There are varied development initiatives to promote the economic growth of northern Australia. But how do we balance increased productivity, traditional uses, and nature conservation? The diversity of views about the potential benefits and costs of different development options, and our limited understanding of the effects of these developments demand guidance on how to explore these considerations. This is particularly important because government agencies, NRM groups, Indigenous organisations, and industry commonly need to make decisions based on incomplete information. Also, decisions are usually made with a single objective in mind, such as agricultural development or biodiversity conservation. However, this focus on single objectives limits our capacity to consider the full range of environmental, social and economic outcomes of proposed developments and their implications for different stakeholders. It also hinders our understanding of the potential co-benefits or trade-offs between different objectives. Considering multiple objectives is therefore critical to support future effective planning for development and conservation of northern Australia’s globally significant cultural and natural values.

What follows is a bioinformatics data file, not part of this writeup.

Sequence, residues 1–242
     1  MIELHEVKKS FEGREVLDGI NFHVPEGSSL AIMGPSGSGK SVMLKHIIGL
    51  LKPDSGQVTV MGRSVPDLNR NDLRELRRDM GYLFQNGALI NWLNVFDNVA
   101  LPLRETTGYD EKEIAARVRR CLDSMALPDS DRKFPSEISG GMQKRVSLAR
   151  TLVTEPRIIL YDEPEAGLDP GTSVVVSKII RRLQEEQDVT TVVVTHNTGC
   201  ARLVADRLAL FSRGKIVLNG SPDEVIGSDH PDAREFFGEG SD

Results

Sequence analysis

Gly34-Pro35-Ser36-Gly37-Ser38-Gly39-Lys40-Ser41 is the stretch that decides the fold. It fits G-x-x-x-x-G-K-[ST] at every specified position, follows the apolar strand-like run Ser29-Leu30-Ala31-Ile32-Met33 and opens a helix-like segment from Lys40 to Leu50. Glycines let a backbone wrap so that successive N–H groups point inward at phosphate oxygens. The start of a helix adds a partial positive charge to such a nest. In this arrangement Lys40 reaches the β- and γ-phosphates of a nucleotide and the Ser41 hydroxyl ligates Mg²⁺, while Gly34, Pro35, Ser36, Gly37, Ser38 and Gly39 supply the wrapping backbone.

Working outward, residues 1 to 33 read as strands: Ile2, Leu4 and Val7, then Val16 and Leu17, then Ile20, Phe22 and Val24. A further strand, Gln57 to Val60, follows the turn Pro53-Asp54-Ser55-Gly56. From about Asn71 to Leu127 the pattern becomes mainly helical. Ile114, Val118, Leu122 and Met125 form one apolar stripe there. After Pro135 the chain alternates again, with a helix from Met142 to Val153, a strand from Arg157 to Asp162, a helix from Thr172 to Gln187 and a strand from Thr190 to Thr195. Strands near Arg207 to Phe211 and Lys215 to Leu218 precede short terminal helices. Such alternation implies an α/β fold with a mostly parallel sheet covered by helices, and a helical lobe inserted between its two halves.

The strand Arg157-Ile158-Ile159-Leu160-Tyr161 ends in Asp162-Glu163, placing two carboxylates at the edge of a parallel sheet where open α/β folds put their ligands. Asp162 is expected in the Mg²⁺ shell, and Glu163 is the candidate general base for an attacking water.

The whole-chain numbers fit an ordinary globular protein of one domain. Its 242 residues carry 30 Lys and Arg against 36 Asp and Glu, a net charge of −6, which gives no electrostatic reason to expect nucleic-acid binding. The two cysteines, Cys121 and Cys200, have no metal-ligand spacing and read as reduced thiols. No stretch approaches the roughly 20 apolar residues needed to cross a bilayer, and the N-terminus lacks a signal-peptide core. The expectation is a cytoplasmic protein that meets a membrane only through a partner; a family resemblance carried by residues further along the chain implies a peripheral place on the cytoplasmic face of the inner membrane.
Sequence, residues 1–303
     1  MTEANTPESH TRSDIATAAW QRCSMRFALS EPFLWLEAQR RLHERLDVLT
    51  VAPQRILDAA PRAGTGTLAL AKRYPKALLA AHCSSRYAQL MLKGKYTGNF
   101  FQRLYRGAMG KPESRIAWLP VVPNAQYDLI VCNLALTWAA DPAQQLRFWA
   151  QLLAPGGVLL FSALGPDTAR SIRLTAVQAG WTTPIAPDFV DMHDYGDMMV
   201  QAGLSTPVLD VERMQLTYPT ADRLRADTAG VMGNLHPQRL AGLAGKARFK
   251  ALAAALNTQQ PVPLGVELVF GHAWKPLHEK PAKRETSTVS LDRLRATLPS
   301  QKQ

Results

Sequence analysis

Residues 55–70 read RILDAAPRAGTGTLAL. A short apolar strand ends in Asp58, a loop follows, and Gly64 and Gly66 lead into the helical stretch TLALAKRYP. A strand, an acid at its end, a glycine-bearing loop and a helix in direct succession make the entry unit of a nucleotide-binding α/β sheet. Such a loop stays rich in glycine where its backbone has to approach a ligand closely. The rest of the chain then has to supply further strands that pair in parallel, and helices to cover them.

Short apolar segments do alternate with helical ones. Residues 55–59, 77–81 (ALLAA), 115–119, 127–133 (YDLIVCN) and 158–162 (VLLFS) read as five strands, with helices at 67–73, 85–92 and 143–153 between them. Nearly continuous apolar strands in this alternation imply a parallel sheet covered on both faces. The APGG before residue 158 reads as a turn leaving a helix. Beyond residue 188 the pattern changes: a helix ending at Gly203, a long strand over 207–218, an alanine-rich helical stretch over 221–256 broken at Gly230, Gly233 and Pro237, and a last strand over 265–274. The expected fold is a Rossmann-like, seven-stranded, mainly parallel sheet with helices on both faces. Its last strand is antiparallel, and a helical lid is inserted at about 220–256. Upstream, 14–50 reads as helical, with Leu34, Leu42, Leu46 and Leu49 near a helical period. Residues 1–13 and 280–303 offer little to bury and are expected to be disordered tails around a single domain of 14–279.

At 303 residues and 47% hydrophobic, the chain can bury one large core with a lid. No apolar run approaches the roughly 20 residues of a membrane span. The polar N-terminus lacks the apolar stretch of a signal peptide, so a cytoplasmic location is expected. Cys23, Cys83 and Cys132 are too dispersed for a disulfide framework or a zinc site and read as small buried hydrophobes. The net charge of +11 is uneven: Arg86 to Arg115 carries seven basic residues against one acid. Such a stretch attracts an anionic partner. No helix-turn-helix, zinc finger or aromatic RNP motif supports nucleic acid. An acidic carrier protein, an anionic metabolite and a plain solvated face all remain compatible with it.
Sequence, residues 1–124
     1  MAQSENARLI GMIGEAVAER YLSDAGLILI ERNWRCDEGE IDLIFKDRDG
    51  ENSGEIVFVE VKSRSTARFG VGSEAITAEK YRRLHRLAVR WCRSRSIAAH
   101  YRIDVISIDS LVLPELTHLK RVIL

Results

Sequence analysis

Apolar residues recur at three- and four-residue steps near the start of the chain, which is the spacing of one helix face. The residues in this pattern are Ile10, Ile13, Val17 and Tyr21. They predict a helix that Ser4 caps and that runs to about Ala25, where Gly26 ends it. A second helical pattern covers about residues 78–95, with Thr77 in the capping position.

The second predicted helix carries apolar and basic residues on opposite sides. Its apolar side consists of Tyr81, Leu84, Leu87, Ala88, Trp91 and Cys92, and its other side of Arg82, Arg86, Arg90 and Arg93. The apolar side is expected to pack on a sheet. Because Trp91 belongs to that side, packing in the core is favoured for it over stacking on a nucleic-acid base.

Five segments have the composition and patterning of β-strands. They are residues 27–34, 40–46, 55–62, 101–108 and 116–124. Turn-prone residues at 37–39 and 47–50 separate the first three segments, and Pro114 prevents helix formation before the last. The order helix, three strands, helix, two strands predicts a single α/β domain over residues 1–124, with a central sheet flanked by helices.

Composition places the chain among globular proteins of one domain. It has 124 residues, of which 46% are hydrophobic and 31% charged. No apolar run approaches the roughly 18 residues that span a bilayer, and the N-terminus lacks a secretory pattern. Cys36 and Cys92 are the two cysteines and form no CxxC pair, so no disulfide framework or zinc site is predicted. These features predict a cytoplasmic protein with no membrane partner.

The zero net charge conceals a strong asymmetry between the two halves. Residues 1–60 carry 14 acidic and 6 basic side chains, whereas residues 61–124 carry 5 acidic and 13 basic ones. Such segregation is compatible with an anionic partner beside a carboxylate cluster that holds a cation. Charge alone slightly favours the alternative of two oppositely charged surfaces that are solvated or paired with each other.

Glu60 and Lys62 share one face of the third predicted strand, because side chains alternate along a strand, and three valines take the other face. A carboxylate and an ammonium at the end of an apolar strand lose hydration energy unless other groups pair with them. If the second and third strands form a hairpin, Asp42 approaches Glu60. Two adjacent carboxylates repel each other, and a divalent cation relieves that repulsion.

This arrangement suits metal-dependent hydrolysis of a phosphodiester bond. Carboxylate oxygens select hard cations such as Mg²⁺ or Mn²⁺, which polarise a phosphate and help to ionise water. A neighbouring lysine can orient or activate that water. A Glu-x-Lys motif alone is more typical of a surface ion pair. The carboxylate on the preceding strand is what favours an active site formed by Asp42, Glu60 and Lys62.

This project is demonstrating how to operationalise participatory, multi-objective catchment planning, where stakeholders collaboratively construct and assess the outcomes of alternative development scenarios. The scenario planning exercise aims to create a shared space for constructive and objective conversations about the future development of the Fitzroy River catchment. This process aims to develop common understandings about different development options for the region and systematically explore the possibilities as well as the potential outcomes of different development trajectories, including identifying those with multiple benefits and where trade-offs are needed.
The project is working in Western Australia’s Fitzroy River catchment with the intention that the planning process can be transferred to other areas in northern Australia and beyond.
The project is being led by Professor Bob Pressey from James Cook University (JCU). Professor Pressey is being assisted by researchers from JCU, The University of Western Australia, Griffith University, CSIRO, and University of Tasmania.